• How to best execute work
  • How much time it should take
  • Who should do it
  • What specific equipment or tools are needed
  • Which materials and PPE (Personal Protective Equipment) are necessary
  • What testing is required

Using LEAN will allow you focus in on three essential areas: the elimination of waste, reduction in variability and reduction of inflexibility. When these factors come together, work can be completed in a standardized, efficient and sanitary manner.

Study. Streamline. Standardize.

Food processing and sanitation
Product recalls due to manufacturing errors in sanitation cause mistrust among consumers. Image courtesy of Myrtle Consulting Group

Study. To incorporate, improve or ensure sanitation, the first step is to evaluate what you’re working with. Take the time to examine existing protocols and contracts. Conducting a detailed study of the current processes can help you define the areas that need work, which may include equipment effectiveness, supervisory staff and materials used.

Streamline. Once you obtain the initial result of the study, goals and plans can be determined to streamline the process and make everything run more efficiently. It is not unusual to discover at least 30% of non-valued time within the existing process, mainly due to poor planning, poor coordination or the use of overly cumbersome methods.

Standardize. After creating a plan to improve effectiveness and sanitation, swift and certain implementation of these ideas are critical to maintain commitment and realize results. With a detailed plan, sanitation of machines and other supplies can be executed in an exact, timely fashion.

Placing Sanitation Operation First

One of the biggest mistakes that can be made in manufacturing is viewing sanitation operations as secondary in importance. This attitude can lead to all kinds of oversight and carelessness, which can cause costly mistakes. Clear expectations, clear roles and responsibilities, and measured performance are the hallmarks of well-executed operations and an effective way to make sanitation a priority.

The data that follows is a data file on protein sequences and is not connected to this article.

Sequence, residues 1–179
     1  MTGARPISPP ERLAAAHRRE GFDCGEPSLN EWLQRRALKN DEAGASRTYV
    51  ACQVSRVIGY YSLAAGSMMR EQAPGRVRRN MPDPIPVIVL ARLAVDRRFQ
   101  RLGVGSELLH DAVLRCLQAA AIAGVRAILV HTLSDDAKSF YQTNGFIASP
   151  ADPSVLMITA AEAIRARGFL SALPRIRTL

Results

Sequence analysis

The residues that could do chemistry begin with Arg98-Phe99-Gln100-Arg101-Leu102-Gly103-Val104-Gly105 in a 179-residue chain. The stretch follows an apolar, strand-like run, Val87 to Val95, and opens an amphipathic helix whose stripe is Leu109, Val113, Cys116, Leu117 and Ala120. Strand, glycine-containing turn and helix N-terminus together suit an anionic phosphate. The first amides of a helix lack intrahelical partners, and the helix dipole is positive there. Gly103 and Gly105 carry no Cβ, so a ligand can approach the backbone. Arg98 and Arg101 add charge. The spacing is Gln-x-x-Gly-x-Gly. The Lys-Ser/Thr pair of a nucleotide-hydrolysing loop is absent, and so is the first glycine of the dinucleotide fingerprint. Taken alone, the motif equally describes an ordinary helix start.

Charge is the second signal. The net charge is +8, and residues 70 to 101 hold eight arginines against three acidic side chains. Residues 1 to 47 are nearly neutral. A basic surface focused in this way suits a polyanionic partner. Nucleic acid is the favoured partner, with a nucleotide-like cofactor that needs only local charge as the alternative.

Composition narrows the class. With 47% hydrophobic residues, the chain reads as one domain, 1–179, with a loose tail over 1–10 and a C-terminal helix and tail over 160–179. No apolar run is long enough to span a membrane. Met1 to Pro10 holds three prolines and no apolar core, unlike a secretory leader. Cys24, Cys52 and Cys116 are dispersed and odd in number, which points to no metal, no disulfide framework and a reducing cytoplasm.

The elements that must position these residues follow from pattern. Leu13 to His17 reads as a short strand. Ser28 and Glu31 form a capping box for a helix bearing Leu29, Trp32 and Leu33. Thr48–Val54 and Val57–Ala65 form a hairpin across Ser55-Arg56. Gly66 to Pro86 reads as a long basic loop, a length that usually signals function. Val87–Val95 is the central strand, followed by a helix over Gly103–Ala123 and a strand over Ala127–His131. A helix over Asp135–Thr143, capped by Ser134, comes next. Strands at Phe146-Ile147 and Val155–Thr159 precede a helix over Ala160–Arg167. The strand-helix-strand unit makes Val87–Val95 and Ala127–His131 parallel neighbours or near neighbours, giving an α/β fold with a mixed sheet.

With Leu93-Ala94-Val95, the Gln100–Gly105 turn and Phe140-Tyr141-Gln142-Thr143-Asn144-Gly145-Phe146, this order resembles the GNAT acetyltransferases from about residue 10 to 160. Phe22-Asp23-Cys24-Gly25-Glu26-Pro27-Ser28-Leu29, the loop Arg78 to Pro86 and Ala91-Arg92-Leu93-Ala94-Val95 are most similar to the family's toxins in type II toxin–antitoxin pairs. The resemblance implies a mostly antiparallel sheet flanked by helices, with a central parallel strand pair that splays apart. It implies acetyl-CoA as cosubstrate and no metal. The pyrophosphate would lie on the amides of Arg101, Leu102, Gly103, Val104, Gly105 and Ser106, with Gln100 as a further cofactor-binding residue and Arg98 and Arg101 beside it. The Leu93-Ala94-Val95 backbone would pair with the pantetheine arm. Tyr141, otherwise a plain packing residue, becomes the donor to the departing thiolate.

Dramatic Improvements, Significant Savings

Making these changes to increase efficiency and sanitation have yielded dramatic improvements for manufacturers. A large U.S. food manufacturer installed this system in five of their plants and quickly cut costs while boosting productivity. One of the plants was able to repatriate production outsourced to a co-manufacturer at a savings of approximately $500,000. Another replaced its entire 50+ person sanitation crew with a subcontract cleaning crew, reducing its labor cost from $22 to $11.47 an hour, while at the same time increasing the work effectiveness of the crew and performing 15% more sanitation work within the same time frame.

Manufacturing isn’t only about quantity; it involves ensuring a level of quality that builds consumer loyalty and efficiency. When your product potentially poses risk for the consumer, it also poses a danger to your business and its success. Remember, you don’t have to risk using unsanitary methods for the sake of saving money or increasing efficiency. In fact, sanitation and efficiency are easily attainable when they are brought together in a strategic plan. Putting in the time and dedication to create an effective sanitation plan will help you avoid negative consequences and bring you to the top of your game. Stay clean.

Camila Gadotti, 3M
In the Food Lab

Examining the Role of Food Safety During R&D

By Camila Gadotti, M.S.
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Camila Gadotti, 3M

Research and development (R&D) is an essential starting point toward the creation or modification of new and exciting food products, processes and packaging. To ensure that a product is safe for consumption, food safety should be considered during the initial stages of a product’s lifecycle. Incorporating food safety into R&D can be tricky, as safety considerations may change the initial idea or concept of a new food product. For example, the idea of a freshly squeezed orange juice in every supermarket shelf is appealing; however, without pasteurization, that juice will not be safe for consumption, nor will it have the desired shelf life. Adding raw chopped garlic to a hummus product makes it taste great, but will it be safe for consumption after being on the shelf for a month?